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Family gets hearing: Hearing is set for the area family that is fighting Dakota County over its land

The Hastings-area landowners who are fighting Dakota County over their land near Spring Lake Park earned a small victory last week.

In court here, the family was granted a right to an evidentiary hearing, set for March 11.

That gives the family some time to further prepare its argument, get additional documents from the county and ask county staff a number of questions under oath.

In addition, the judge in the case will inspect the property himself, along with the lawyers in the case.

The family of the late Richard Mauch is fighting the county in the case. The county wants to take almost 11 acres of their land along the shores of Spring Lake in Hastings. Negotiations began between the two parties when the county sought to purchase land from the family for the Mississippi River Regional Trail, which would run from Hastings to South St. Paul.

The family eventually conceded, agreeing to sell nearly two acres of their land so the trail could come through.

On Nov. 5, though, the county board voted to take the entire property.

They are also taking about 127 acres in all from three landowners, including the Sorg family that lives along County Road 47 and a Burnsville man, Louis Gramsey.

The Mauch family hired an attorney, Beverly Aho, who represented them at the hearing last week.

Three reasons

There are three ways homeowners like the Drews can fight the taking of their land. The county must prove that there is a public use for the land, that there is a necessity for taking the land and that the homeowners are being compensated fairly.

On the public use standard, that would appear to be met because the county plans a public park on the space.

It’s on the necessity portion, though, that Aho and the family are digging in their heels.

“The question here is necessity,” Aho said. “Our argument is going to be, they don’t have a need for the entire parcel. My clients are willing to sell the 1.8 acres for the trail.”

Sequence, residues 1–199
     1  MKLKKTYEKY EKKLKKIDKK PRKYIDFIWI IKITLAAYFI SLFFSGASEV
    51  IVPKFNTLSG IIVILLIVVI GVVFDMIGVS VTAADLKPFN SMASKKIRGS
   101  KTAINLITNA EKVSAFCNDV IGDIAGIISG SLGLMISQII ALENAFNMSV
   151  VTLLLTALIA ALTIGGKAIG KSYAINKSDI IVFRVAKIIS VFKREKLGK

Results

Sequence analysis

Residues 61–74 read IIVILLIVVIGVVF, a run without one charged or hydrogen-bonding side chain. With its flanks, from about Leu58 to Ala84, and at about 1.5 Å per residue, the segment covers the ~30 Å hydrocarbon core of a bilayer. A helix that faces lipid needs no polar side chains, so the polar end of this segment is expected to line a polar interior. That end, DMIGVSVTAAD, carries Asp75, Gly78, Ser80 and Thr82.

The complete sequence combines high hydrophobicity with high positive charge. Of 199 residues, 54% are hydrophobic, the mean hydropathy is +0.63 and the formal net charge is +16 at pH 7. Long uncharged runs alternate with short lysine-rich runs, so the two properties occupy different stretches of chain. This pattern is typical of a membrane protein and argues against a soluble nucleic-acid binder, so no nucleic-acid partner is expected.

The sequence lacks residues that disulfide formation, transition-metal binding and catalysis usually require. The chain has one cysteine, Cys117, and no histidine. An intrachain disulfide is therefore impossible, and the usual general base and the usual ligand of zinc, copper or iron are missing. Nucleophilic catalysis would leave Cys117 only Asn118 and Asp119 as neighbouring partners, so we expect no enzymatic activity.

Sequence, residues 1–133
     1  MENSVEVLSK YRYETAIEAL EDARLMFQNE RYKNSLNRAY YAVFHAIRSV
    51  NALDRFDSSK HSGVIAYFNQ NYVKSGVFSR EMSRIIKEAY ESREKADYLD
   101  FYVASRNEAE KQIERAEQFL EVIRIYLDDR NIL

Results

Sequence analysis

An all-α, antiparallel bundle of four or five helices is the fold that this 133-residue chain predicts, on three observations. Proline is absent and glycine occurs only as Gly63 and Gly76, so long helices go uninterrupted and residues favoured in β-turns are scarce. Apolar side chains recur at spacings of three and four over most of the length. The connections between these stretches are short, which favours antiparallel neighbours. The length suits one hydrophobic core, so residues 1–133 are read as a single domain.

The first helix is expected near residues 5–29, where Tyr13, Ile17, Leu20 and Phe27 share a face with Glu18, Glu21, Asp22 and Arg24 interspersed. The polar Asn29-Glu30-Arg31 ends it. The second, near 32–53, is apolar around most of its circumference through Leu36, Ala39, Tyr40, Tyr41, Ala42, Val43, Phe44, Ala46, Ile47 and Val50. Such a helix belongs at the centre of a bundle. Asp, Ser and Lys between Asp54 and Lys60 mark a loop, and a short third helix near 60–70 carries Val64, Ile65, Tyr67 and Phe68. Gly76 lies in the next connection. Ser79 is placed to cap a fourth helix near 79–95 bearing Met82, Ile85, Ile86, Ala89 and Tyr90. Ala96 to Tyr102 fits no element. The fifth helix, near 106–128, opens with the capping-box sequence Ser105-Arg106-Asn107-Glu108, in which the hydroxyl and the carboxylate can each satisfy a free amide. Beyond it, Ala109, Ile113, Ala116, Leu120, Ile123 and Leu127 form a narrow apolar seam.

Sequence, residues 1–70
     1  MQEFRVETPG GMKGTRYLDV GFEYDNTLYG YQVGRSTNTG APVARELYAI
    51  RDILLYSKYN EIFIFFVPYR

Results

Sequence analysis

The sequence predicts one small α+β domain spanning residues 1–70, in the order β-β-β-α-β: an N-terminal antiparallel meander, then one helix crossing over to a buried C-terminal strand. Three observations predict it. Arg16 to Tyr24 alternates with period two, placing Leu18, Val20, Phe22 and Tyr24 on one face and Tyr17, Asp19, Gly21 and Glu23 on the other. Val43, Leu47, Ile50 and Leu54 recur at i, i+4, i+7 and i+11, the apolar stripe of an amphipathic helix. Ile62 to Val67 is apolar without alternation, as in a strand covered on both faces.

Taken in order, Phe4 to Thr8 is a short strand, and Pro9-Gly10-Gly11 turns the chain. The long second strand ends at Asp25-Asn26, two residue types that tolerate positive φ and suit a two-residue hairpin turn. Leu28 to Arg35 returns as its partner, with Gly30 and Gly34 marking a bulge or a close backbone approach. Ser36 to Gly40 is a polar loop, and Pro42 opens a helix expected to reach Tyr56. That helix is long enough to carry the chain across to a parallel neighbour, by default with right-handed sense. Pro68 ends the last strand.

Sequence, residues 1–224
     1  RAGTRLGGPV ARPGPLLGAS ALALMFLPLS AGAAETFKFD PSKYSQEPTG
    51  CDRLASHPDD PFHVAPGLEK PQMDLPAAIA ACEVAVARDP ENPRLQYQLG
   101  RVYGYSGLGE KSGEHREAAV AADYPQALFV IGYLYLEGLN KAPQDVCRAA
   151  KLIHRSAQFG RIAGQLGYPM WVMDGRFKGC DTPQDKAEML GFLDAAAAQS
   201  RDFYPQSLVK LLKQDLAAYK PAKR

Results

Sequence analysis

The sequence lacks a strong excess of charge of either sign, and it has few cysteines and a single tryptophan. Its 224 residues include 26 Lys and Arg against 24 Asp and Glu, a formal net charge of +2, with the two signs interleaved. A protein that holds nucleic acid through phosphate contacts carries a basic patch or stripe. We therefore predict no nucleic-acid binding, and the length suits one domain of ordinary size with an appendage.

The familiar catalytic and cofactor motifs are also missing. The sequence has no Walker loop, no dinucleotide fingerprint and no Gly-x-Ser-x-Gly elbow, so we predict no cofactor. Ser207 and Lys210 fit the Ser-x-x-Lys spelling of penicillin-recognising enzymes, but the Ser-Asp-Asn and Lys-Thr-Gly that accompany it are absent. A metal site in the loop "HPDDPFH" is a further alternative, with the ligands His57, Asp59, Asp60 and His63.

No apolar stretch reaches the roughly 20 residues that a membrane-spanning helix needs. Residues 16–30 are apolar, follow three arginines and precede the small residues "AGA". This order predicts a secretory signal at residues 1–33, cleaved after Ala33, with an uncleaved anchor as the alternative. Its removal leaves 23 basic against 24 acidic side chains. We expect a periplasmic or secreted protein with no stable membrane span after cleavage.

Aho said that just because the county has plans down the road to develop the land at stake here into a park, they can’t do a land-grab now.

“Governments cannot stockpile property,” she said. “They can’t buy it for the purpose of stockpiling it. That’s what our argument is. Even though they have a dream for that park someday, we can argue that’s speculation. That’s stockpiling. They don’t have the money now for all of that.

“The funding, as we understand it, is only there for the trail. That can be built without taking the entire 10.4 acres. That would be a win-win. Everybody gets what they want by doing that.”

Governments can, of course, purchase land from willing sellers and that’s what the county has done with much of the land for Spring Lake Park.

This case, Aho said, does not include a willing seller.

“My clients have every desire to keep it,” she said. “We’re hopeful the commissioners will change their mind, or that the court will side with us.”


Aho has worked with the Mauch family, including Mauch’s daughter Nancy Drews. She met with county staff and the Drews on Oct. 29, she said, when she was shown a survey from the county that laid out the 1.8 acres that the county wanted to buy.

The two parties still had to negotiate a price, but they left the meeting, Aho said, with an understanding.

“My clients were willing to sell it,” she said.

Aho and Nancy Drews went to the county board meeting on Nov. 5, expecting a resolution centering around that 1.8 acres to be agreed upon by the board.

Aho got suspicious, however, when she pulled up the board’s agenda in advance of the meeting and didn’t see anything regarding the Mauch property on the agenda. The Sorg and Gramsey properties were there, but the Mauch family land wasn’t.

The board then went into a closed session and emerged with a new resolution to take the entire piece of land owned by the family.

Aho sprang into action, taking the podium to address the commissioners.

“I begged them to table it for even one week so that we could discuss it,” she said.

That didn’t happen, though, as the commissioners voted 6-1 to take the land. Commissioner Mike Slavik, who represents the Hastings area on the board, voted against it.

“My client was blindsided,” Aho said.